Weighing all of the above factors, I conclude that the Appellant’s gain in each of the 2004 and 2005 taxation years was on account of capital. First of all, the evidence shows that the Equipment was used by the Appellant in his various business ventures over a very long period of time. It was acquired at the beginning in the 1980s and then sold to CHL in 2004 and 2005. There is no evidence to show that the Appellant sold similar equipment in earlier taxation periods. The Appellant did allow CHL and other corporations that he held an interest in to use the Equipment in their business ventures. There is no evidence to show that the Appellant modified or altered the equipment for the purpose of realizing a higher price.
 The evidence shows that there was a strong upswing in the oil service industry beginning around 2001 and that the Appellant sold the equipment to CHL in order to benefit from the resulting unexpected significant rise in prices for used oil service equipment.
 From all of the above I infer that the Appellant acquired the Equipment for the purpose of using it in his various business ventures. The circumstances surrounding the long holding period corroborate the Appellant’s declaration that he purchased the Equipment to earn income either directly or indirectly therefrom.
The court rejected Mr. Klemen’s evidence that his ACB for the equipment exceeded the $15.00 assumed by the Crown:
 At trial and in written submissions, counsel for the Appellant invited the Court to make the inference that the ACB of the Equipment was at least $76,243.86, that is the value of the shareholder loan on the books of Edge Energy in 1999. The Appellant claims that he took some of the Equipment in lieu of repayment of the shareholder loan. The Equipment was consideration in satisfaction of the loan. Counsel for the Appellant submitted that $76,243.86 is likely well below what the Appellant actually paid to acquire the Equipment, but however the Appellant “would be happy with receiving credit for the $76,000 in shareholder loan as ACB”.
 The Appellant’s evidence in support of this amount was a balance sheet of Edge Energy as at September 30, 1999. In 1998, the balance sheet showed $76,244 as a shareholder loan due to the Appellant. In 1999, the shareholder loan was written off with no loan shown as owing to the Appellant. However, as counsel for the Respondent points out, there is no evidence, other than the Appellant’s vague testimony, to corroborate the claim that he actually did take any equipment. There is nothing that supports a finding that the Appellant had actually made that loan or that he had contributed any capital assets to Edge Energy. In short, the Appellant’s evidence as to the ACB of the Equipment is insufficient to rebut the Minister’s assumption that it was $15.00 per taxation year.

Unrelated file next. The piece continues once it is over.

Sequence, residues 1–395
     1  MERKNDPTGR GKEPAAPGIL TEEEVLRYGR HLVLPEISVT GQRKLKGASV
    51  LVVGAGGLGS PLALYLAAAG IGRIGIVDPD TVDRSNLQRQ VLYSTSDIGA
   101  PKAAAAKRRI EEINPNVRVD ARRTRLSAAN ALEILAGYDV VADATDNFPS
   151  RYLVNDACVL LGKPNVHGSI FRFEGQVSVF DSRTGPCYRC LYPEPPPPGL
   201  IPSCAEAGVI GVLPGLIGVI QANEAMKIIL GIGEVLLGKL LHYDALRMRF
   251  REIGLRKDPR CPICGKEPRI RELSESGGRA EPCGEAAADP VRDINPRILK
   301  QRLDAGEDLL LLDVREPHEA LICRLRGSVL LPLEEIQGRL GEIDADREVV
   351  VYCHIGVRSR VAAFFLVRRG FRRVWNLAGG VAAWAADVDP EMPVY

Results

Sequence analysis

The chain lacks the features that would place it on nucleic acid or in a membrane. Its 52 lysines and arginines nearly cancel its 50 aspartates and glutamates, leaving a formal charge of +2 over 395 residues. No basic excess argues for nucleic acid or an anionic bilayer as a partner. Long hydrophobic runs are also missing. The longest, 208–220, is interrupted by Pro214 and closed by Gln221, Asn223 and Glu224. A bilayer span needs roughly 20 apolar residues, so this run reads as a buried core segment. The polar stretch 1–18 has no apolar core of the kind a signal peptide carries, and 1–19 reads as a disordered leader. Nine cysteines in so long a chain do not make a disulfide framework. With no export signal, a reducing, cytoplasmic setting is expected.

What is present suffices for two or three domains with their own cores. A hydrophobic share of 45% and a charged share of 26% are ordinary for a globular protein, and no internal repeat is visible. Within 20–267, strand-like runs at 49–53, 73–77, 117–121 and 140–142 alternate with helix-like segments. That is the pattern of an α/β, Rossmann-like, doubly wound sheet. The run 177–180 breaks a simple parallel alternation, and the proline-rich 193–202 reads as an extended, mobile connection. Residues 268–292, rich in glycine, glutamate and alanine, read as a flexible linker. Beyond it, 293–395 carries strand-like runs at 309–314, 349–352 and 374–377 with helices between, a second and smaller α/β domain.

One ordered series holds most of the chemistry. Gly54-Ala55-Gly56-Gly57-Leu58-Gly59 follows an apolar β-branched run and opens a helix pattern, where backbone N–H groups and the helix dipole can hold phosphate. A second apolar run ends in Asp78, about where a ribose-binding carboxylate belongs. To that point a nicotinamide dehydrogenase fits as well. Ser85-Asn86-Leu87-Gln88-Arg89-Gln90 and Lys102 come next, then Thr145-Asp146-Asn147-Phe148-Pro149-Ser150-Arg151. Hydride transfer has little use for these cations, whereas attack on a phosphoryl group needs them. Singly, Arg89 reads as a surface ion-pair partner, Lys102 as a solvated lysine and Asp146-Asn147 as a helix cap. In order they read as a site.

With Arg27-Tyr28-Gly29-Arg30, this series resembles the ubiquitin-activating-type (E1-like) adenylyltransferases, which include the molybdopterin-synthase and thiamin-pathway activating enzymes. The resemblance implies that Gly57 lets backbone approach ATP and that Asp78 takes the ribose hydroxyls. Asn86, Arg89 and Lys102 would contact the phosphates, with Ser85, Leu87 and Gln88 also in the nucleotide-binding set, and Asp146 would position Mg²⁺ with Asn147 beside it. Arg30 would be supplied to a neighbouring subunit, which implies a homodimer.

Finally, the court rejected the Crown’s argument that Mr. Klemen received an additional $85,000 on the disposition of the equipment:
 The only evidence at trial that corroborates the theory that the Appellant received $80,000 in cash is the financial statements of CHL. However, there is no annotation stating, or any indication, that the Appellant received that amount. The evidence does not support the inference that the Appellant actually received $80,000 in cash. The evidence only illustrates what CHL calculated the ACB to be for the sale of the Equipment to third parties. Hence, there is no credible evidence that contradicts the Appellant’s assertion that he received nothing more than a credit to his shareholder loan account in the 2004-2005 Reporting Period. The actual consideration received by the Appellant for the Equipment was the amounts credited to his shareholder loan account: $135,000 and $38,500 in 2004 and 2005 respectively.
As a result the appeals were allowed. The parties were given thirty days to agree upon costs or failing that to make short (not to exceed 5 pages) submissions on costs.